There were Cornish Rexes and Maine Coons, Norwegian Forest Cats and Ocicats.

And then there was Briar-Mar Good To Be Me - "Manny" to his friends, an unflappable, gorgeous Manx, triumphantly crowned Best in Show at Sunday's Cat Fanciers' Association International Cat Show in Montgomery County.

"Absolutely exquisite!" the announcer enthused after Manny's win was pronounced. "Nice depth of flank."

Winning what is said to be the biggest prize of the cat-show world, an event that drew participants from around the globe, left Manny's owner Gary Veach practically breathless.

"This is like nothing I've felt like before," said Veach, of Maywood, N.J., who's bred and shown cats with his partner Omar Gonzalez for decades. "This is kind of like the Super Bowl of the cat world. It's pretty huge."

Manny's win capped a two-day extravaganza that drew 5,000 spectators and participants to the Great Philadelphia Expo Center in Oaks, transformed for the weekend into feline paradise. There were cat agility contests, a "catographer" snapping formal portraits, and a "Meow Mall," where you could shop for a ceramic cat, cat sweatshirts, and what was touted as "the world's strongest catnip."

Cats and their owners traveled from 42 states, Canada, 12 European countries, six Asian nations, and one South American country to compete.

Danny Tai flew from Hong Kong to show a Cornish Rex and three exotic shorthairs.

The trip was no small feat. Many airlines won't take cats in plane cabins, and a long trip in the cargo hold would spook them. So Tai finally found one airline - Air Canada - that would accommodate the felines the way they needed to travel. He spent 20 hours on planes to get to Oaks, where he racked up plenty of ribbons.

Tai, a chief financial officer by day, has been in the cat-show world for 10 years. He attends a show most weekends - many in China.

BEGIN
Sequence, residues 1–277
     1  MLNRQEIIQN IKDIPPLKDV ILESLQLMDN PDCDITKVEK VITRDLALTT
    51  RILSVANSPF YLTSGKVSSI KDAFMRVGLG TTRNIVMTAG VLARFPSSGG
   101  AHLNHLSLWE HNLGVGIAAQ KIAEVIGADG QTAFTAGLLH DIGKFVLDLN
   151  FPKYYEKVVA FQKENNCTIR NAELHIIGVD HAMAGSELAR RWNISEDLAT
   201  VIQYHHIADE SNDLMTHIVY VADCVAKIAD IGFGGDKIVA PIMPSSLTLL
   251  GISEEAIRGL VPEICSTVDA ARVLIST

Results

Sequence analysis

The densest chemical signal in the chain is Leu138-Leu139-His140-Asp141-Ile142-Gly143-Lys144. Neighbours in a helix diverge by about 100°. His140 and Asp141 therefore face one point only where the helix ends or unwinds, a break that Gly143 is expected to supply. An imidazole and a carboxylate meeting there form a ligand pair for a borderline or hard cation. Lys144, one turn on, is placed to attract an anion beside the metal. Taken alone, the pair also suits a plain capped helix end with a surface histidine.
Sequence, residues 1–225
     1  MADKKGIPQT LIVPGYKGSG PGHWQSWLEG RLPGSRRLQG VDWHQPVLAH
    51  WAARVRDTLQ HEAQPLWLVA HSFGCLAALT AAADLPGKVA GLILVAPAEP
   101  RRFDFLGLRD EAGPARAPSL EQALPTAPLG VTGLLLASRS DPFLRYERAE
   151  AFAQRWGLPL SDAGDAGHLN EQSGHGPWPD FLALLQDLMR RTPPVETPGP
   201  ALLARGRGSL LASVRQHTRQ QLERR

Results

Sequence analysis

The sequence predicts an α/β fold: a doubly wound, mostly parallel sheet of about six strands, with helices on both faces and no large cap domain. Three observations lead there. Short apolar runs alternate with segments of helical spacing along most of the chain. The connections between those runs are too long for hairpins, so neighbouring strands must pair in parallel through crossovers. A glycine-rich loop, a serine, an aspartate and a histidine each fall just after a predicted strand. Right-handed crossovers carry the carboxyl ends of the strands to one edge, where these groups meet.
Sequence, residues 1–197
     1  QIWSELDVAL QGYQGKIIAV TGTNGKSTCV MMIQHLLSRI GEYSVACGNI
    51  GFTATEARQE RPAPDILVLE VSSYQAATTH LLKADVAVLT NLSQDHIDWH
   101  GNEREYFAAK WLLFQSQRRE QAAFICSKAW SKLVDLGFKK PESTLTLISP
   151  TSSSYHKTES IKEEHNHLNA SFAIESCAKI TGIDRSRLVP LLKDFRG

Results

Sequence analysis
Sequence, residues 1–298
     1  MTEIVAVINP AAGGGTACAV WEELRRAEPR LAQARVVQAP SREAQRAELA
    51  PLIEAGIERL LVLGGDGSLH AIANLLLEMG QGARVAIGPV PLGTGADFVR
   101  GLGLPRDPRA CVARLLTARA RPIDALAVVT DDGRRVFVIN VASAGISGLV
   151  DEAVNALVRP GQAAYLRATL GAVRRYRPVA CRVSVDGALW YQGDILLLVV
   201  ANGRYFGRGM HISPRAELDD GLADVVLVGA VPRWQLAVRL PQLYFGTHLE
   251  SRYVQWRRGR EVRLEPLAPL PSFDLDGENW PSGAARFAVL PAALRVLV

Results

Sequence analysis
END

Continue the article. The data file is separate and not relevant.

"I love the satisfaction," he said. "I meet a lot of friends from the U.S., Europe and all over Asia."

Cat Fanciers' Association President Mark Hannon said that in recent years, more and more entrants are coming from Asia; keeping pets is a relatively new phenomenon in contemporary China.

"People are buying Mercedes-Benzes, BMWs, pedigreed dogs, and pedigreed cats," Hannon said. "It's a big growth area."

The trip was slightly less arduous for Deborah and Clinton Parker of Charlotte, N.C.

Between showings, the couple relaxed with Remington, a six-month-old Tonkinese whose striking blue eyes and willingness to be petted by passersby made him a crowd favorite.

"He's had a big day, and he's a big love, aren't you?" Deborah Parker crooned to the pleased-looking Remington, who'd made seven out of eight finals and was on his way to best in breed kitten.

Parker's parents showed dogs and, for a while, so did she. But she eventually gravitated toward cats, and loves the smaller circuit. It feels friendlier, homier, she said. Dogs at the top of their game have professional handlers; often they don't even live with their owners.

The Parkers' 15 cats - many are just pets, or retired show cats - live with the couple and their four teenage daughters.

"With cats, we do all the grooming, and we put them in the ring," she said. "It's a much more personal thing."

To many who came from around the region to see the show, the exhibition hall was a wonderland.

Lauren Richter, 16, a cat enthusiast from Norristown, accessorized herself with a cat pendant and cat purse.

In her eyes was pure joy as she stroked Remington.

"I've been obsessed with cats forever," Richter said. "He's gorgeous."